BHA’s wind farm exceeds expectations

The The Fishermen Three Wind Farm has generated over 24 million units of electricity in its first year of operation.
The The Fishermen Three Wind Farm has generated over 24 million units of electricity in its first year of operation.

Berwickshire’s innovative and award-winning wind farm, The Fishermen Three, has exceeded all expectations in its first year of operation.

The Berwickshire Housing Association (BHA) wind farm at Hoprigshiels, near Cockburnspath, has generated 24,052MWh during the past year and the project has also provided an initial community benefit payment of £37,500 which will go to the communities closest to the wind farm site, to be spent on whatever they identify as their priorities.

The three-turbine scheme was the first wind farm in the UK to be developed by a housing association as a means of funding new homes for social rental and is a joint venture between BHA and Community Energy Scotland (CES).

By supplying energy to the National Grid, the wind farm will create revenue for BHA of around £20 million over the next 25 years – enough to allow them to build 500 new homes over that period.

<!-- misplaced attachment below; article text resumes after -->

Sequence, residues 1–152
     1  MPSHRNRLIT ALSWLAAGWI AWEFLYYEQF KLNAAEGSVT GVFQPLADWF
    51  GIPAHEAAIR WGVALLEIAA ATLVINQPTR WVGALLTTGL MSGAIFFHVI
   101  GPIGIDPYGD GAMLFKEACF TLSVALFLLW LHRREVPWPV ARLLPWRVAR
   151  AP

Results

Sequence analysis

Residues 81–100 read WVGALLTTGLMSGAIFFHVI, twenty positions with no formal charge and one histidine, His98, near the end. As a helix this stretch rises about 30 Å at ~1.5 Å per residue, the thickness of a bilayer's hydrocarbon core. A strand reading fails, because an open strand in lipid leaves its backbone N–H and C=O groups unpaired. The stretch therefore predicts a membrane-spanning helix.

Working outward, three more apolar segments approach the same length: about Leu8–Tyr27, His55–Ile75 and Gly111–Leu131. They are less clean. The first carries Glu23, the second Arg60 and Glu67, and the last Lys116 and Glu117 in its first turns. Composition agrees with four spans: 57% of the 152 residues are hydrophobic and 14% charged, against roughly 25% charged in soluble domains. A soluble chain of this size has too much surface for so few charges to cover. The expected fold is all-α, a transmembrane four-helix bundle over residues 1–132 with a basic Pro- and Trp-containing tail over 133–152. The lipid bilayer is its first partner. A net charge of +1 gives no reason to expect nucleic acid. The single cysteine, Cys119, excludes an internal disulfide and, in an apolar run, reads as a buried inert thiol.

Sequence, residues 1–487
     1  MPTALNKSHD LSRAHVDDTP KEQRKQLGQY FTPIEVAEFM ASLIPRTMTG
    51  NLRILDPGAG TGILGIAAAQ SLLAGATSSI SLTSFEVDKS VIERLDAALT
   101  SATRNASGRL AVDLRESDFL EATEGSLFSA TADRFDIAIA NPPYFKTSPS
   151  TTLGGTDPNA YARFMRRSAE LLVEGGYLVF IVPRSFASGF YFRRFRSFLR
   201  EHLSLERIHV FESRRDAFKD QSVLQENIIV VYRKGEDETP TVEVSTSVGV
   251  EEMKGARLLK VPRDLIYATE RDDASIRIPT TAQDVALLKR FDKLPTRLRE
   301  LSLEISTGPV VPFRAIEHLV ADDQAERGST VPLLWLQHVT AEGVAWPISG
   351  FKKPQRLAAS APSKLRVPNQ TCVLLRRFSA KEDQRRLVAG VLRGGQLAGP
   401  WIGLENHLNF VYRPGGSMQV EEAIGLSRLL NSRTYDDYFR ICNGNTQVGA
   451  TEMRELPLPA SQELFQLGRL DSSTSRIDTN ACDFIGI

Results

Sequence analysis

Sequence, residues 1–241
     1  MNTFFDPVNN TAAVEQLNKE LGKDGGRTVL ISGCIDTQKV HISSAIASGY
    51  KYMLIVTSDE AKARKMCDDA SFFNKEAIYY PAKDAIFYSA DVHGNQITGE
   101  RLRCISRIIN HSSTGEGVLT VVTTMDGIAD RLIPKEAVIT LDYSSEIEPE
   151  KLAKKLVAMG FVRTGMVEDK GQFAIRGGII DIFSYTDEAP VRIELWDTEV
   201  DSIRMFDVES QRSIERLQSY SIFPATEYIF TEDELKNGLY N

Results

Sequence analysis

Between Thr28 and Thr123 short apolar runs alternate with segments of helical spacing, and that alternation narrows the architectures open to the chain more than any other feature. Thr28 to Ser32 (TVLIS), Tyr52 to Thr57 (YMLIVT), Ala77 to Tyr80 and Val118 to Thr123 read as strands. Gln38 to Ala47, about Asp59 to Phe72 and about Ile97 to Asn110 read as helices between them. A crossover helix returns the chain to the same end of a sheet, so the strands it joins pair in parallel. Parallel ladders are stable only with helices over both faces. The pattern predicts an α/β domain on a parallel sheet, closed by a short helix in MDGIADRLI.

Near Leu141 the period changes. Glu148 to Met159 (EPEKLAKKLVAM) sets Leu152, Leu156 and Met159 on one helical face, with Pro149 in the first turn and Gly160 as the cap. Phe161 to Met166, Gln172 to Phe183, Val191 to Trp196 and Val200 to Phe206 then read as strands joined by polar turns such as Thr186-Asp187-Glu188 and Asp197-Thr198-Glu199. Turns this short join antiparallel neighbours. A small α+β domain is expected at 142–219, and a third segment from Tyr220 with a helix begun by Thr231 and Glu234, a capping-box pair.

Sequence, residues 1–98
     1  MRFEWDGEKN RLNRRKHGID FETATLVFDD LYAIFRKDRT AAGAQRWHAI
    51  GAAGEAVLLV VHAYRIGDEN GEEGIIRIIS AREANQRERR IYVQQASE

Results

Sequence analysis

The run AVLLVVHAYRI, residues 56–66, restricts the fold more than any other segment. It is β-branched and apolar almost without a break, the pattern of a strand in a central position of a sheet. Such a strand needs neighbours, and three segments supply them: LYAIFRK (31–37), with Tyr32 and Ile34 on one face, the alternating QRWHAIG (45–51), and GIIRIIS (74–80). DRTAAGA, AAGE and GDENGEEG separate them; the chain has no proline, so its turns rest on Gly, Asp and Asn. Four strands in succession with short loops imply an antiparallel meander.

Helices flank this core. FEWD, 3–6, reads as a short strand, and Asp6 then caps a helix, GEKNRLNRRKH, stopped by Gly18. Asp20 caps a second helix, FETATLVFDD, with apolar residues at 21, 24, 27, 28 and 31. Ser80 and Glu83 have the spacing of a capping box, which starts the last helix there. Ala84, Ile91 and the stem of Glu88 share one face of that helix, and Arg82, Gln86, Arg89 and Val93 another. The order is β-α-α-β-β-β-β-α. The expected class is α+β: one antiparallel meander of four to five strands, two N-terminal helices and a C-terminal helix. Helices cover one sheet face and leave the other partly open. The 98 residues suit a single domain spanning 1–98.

CES’s £10 million share of the revenue will be used to support communities to develop their own renewable energy projects.

Jamie Adam, project manager, said: “We’re really pleased to have generated over 24 million units of electricity in the first year of operation for The Fishermen Three.

“This is almost exactly how we expected the site to perform and it’s really exciting to see the turbines working so well. The amount of energy they’ve produced is equivalent to the annual energy needs of 7,758 homes according to Ofgem figures, which means it’s powering the equivalent of all the BHA homes, and a further 6,000 households in the area.

BHA’s chief executive Helen Forsyth said: “This has been a very good first year for us. It has been fascinating learning about the running of the wind farm and we are very upbeat about the future and the income we will be able to put back into the communities.”